Posted June 25, 2009 at 8:13 am | Permalink

    Notwithstanding his formidable reputation as an economist, King has proved himself to be entirely worthless in that regard and you are kind to bestow on him the dubious merit of being a good politician.

    Even King can now see that the wilful and reckless spending of this government will lead shortly to increasing interest rates.

    Under these circumstances interest rate movements can be quite robust

    Companies will need to increase dividend levels in line with interest rates or see a rapid decline in their share price, homeowners may no longer be able to meet mortgage obligations and so on and so forth.

    Looking pretty nasty and still the fool wants to grow the economy out of debt.

    • jean baker
      Posted June 25, 2009 at 12:08 pm | Permalink

      At the time King mentioned the word ‘recession’, the BBC (amongst others) were prohibited from broadcasting the ‘word’, the reason given that the public may find it upsetting, or some such excuse.

      King’s been very quiet since then. Perhaps it simply suits Labour’s purpose to use King to give forewarnings they prefer not to announce themselves, i.e. interest rate rise.

  7. Stewart Knight
    Posted June 25, 2009 at 8:15 am | Permalink

    Pie in the sky musing…but….

    Wouldn’t it be delicious if the Conservatives refused to put any candidates up in anything other than safe seats and put Brown back into Government and see what he does then? All that rhetoric…all that guff…all those lies, and I bet another election would soon follow.

    • James Morrison
      Posted June 25, 2009 at 12:11 pm | Permalink

      I have to say that I am tempted to vote Labour, purely to try and force them to own up to, and clear up, the mess they’ve made. The one thing holding me back is that I fear they would somehow continue to make things worse.

      Either way, I won’t be wasting my vote on the Tories and their “Heir to Blair”.

      Unless (and until) the proper conservatives (small ‘c’) like JR are given bigger roles in the party, I do not believe they will offer anything very different to what we have now, or worse, what we had with Blair in charge.

      • jean baker
        Posted June 25, 2009 at 6:48 pm | Permalink

        David Cameron supports the principles of democracy; Bliar is ‘killing time’ at vast expense to taxpayers waiting for the EU Presidency – EU’s aim being a Federal State.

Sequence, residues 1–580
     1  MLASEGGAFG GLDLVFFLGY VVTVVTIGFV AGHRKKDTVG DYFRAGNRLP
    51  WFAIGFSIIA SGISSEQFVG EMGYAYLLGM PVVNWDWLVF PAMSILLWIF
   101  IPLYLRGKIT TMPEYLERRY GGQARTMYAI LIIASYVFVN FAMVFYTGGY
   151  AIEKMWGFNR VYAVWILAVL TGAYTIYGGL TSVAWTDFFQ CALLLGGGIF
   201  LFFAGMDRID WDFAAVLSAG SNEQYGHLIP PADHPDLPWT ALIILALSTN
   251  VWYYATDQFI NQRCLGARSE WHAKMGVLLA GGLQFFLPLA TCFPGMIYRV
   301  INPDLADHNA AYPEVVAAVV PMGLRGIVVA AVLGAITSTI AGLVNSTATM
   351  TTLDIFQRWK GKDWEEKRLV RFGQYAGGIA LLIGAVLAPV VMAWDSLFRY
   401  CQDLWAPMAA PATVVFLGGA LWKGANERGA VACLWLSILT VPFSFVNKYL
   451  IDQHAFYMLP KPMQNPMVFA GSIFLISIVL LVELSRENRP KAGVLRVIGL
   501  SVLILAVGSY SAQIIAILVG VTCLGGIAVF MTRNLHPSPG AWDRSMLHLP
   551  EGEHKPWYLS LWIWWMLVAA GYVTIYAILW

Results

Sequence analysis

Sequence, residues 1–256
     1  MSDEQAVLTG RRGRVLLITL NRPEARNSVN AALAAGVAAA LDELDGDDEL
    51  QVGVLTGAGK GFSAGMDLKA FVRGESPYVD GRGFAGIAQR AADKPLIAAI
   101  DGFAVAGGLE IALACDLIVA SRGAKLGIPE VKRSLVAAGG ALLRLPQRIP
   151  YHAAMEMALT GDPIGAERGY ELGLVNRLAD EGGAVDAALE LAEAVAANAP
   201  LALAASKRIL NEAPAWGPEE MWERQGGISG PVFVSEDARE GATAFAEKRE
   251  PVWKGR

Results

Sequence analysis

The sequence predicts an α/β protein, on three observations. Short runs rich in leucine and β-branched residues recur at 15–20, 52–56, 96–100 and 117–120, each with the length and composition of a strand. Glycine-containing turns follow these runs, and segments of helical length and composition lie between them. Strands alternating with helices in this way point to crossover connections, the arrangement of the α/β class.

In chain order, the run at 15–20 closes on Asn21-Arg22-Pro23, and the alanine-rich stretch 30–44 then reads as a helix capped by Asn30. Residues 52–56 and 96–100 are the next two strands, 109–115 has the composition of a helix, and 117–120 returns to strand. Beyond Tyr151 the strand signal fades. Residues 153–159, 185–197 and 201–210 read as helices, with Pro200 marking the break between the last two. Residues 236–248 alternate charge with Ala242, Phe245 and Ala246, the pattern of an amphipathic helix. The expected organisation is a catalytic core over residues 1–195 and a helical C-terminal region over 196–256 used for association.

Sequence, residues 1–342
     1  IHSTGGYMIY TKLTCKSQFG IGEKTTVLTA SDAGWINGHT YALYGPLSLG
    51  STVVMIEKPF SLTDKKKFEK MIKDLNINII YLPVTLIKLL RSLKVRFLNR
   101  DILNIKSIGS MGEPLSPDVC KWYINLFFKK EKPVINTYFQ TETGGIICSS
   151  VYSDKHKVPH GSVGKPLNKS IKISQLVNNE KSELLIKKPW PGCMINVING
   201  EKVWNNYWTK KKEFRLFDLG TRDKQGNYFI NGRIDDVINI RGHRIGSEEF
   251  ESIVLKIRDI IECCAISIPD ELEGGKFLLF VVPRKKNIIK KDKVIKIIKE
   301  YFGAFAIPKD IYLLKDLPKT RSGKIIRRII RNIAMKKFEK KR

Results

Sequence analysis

The men are ‘polar opposites’.

        • James Morrison
          Posted June 26, 2009 at 1:08 pm | Permalink

          Yes, admittedly there are obvious differences between Blair and Cameron, Europe being one (though I am not convinced that when push comes to shove, DC will actually want the UK to resign it’s EU membership, but that is purely my opinion). Don’t forget, it was David Cameron himself who described himself as the “Heir to Blair”.

          It seems to me that the Tories are still somewhat split over some issues. Issues such as grammar schools (DC is certainly against them, favouring the disasterous comprehensive schooling system), marital privileges (tax breaks etc) and political correctness, to name a few, and DC comes across on the left-wing of all these issues. Plus, of course, he voted in favour of Blair’s war in Iraq.

          I could be wrong, but I cannot find information on any laws that have been introduced by Labour governments which have subsequently been repealed when the Tories regained power. This country has been steered in a left-liberal/socialist direction since the 60’s, and DC is unlikely to be the person who would make any radical changes to that.

        • jean baker
          Posted June 26, 2009 at 2:56 pm | Permalink

          De-centralization, locally controlled democracy is the main difference between David Cameron and Blair’s aims which he passed to Brown.

          You appear to have no recollection of the ‘winter of discontent’, nor the economic mess Mrs Thatcher inherited – Labour had reduced Great Britain to a ‘laughing stock’.

          Economic growth was at 12.5% when Blair was elected; latest reports are growth diminished to – 30%.

          Borrowings at taxpayers’ expense continues to fund PFI’s and other increasingly state controlled public services.

  8. DBC Reed
    Posted June 25, 2009 at 8:29 am | Permalink

    Never been clear how quantitative easing creates government debt. The gov buys back the gilts and cancels them does n’t it?And the gov purchases them with entirely new quantities of money? Does n’t seem any point to it otherwise.

    • Denis Cooper
      Posted June 25, 2009 at 3:12 pm | Permalink

      1. The Bank of England creates new money and buys up existing gilts from private investors.

      2. In parallel, the Treasury’s Debt Management Office sells new gilts to the private investors.

      3. So now in effect the Treasury has the newly created money, which the government will spend, while the Bank has the previously issued gilts and the private investors have the newly issued gilts.